by John McCurry, contributing writer
Steven Arthurs, president and CEO of the Rhode Island Food Dealers Association, praises the state’s grocers for how well they have performed during the pandemic.
“Rhode Island overall has generally done well, but it is dominated by a few major chains that operate in multiple states,” he said. “So I think at the outset they implemented measures before they were mandatory. It seems to have worked fairly well. Both the compliance and the ability to adapt to a changing environment were very good.”
Arthurs said the association’s role is to be a conduit between grocers and state agencies.
“We have been in constant communication with retailers and with the state, to mediate programs,” he explained. “As an association, we are very proactive and we are on the committee for the governor’s task force and we are able to get them information and to have our voices heard.”
While grocers have experienced an increase in revenue with the overbuying and with the initial reaction of consumers, Arthurs noted they do have considerable expenses tied to preparing for whatever lies ahead, and to keeping their employees safe. Much like the whole state, grocers have managed pretty well.
The overspending has subsided with some exceptions, according to Arthurs. Consumers continue to buy larger quantities of certain items such as toilet paper, but not at the hoarding level. Ditto for cleaning products.
“Overall, it has calmed down from what it was, but it’s still at a different clip,” he said. “Things have definitely changed. More and more people are buying online and using curbside pickup. Those things are here to stay. The hours are still cut back from what they were, largely due to some of the labor issues.”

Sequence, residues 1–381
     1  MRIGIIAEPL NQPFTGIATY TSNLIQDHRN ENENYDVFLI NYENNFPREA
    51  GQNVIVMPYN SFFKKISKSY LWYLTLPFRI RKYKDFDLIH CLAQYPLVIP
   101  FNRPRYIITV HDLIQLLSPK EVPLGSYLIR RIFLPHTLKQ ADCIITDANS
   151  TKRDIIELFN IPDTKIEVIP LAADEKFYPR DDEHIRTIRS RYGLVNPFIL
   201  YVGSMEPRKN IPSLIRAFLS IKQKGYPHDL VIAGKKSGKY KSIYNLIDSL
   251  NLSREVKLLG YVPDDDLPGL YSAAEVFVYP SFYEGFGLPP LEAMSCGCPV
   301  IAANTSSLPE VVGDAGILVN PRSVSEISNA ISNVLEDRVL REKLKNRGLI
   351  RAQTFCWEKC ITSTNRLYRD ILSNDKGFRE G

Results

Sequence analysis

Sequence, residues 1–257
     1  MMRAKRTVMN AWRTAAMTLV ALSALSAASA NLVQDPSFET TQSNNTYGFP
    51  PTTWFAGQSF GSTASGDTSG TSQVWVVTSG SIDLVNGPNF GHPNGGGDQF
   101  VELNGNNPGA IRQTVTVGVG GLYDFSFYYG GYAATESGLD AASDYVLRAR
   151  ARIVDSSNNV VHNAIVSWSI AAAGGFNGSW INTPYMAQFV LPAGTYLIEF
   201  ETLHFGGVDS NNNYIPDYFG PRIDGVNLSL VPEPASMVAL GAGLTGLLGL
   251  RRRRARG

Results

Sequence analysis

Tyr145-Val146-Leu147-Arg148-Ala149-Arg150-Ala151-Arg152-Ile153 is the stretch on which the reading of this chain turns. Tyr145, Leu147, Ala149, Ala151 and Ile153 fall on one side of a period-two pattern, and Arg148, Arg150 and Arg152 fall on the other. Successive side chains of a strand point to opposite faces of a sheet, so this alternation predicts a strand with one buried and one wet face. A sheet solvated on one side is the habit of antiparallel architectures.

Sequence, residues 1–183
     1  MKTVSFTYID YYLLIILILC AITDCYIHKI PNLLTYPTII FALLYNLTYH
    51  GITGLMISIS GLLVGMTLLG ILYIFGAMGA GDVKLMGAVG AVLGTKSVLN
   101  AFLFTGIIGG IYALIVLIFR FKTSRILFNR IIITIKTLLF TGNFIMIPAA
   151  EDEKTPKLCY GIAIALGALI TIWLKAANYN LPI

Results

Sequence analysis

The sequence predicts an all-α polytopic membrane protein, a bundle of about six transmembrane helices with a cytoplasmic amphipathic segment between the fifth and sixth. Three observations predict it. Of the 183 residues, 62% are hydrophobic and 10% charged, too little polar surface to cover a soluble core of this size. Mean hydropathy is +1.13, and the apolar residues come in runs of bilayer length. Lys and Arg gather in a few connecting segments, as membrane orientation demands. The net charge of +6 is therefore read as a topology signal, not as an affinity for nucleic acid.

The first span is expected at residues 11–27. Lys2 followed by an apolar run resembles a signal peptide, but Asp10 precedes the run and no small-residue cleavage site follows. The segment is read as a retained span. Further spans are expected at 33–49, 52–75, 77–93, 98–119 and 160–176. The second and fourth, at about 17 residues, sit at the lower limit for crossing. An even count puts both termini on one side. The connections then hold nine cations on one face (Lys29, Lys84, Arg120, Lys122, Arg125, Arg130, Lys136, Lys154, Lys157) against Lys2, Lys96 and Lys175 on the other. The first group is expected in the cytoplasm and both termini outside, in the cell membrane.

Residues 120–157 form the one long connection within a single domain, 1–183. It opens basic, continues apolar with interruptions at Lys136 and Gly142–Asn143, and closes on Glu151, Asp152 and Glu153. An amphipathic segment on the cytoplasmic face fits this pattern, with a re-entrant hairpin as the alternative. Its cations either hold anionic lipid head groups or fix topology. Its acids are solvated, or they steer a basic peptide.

Supply chain challenges were happening between the manufacturers and the grocery warehouses. The demand blew through inventory levels. Some, such as the toilet paper makers, still are struggling to catch up, according to Arthurs. In some cases, manufacturing plants of all kinds had to shut down to make adjustments to comply with new regulations, such as making space between people on production lines.
“If you are brand conscious – only want one certain brand or package size of toilet paper or sanitizing wipes, for example – you might not be able to get exactly what you want,” he said. “But there will be, at least most of the time, something on the shelf. Those things continue to be a problem and most likely will be until early winter.”
Arthurs said most grocers have tried to accommodate the demand for delivery even if they had never done it before. Some of them had to get a third-party provider to help. They all had challenges meeting the demand.
“Everyone is looking at it now,” he said. “Most companies are trying to make it more efficient. Upgrading their technology, dedicating space for pickup orders – whatever they need to do.”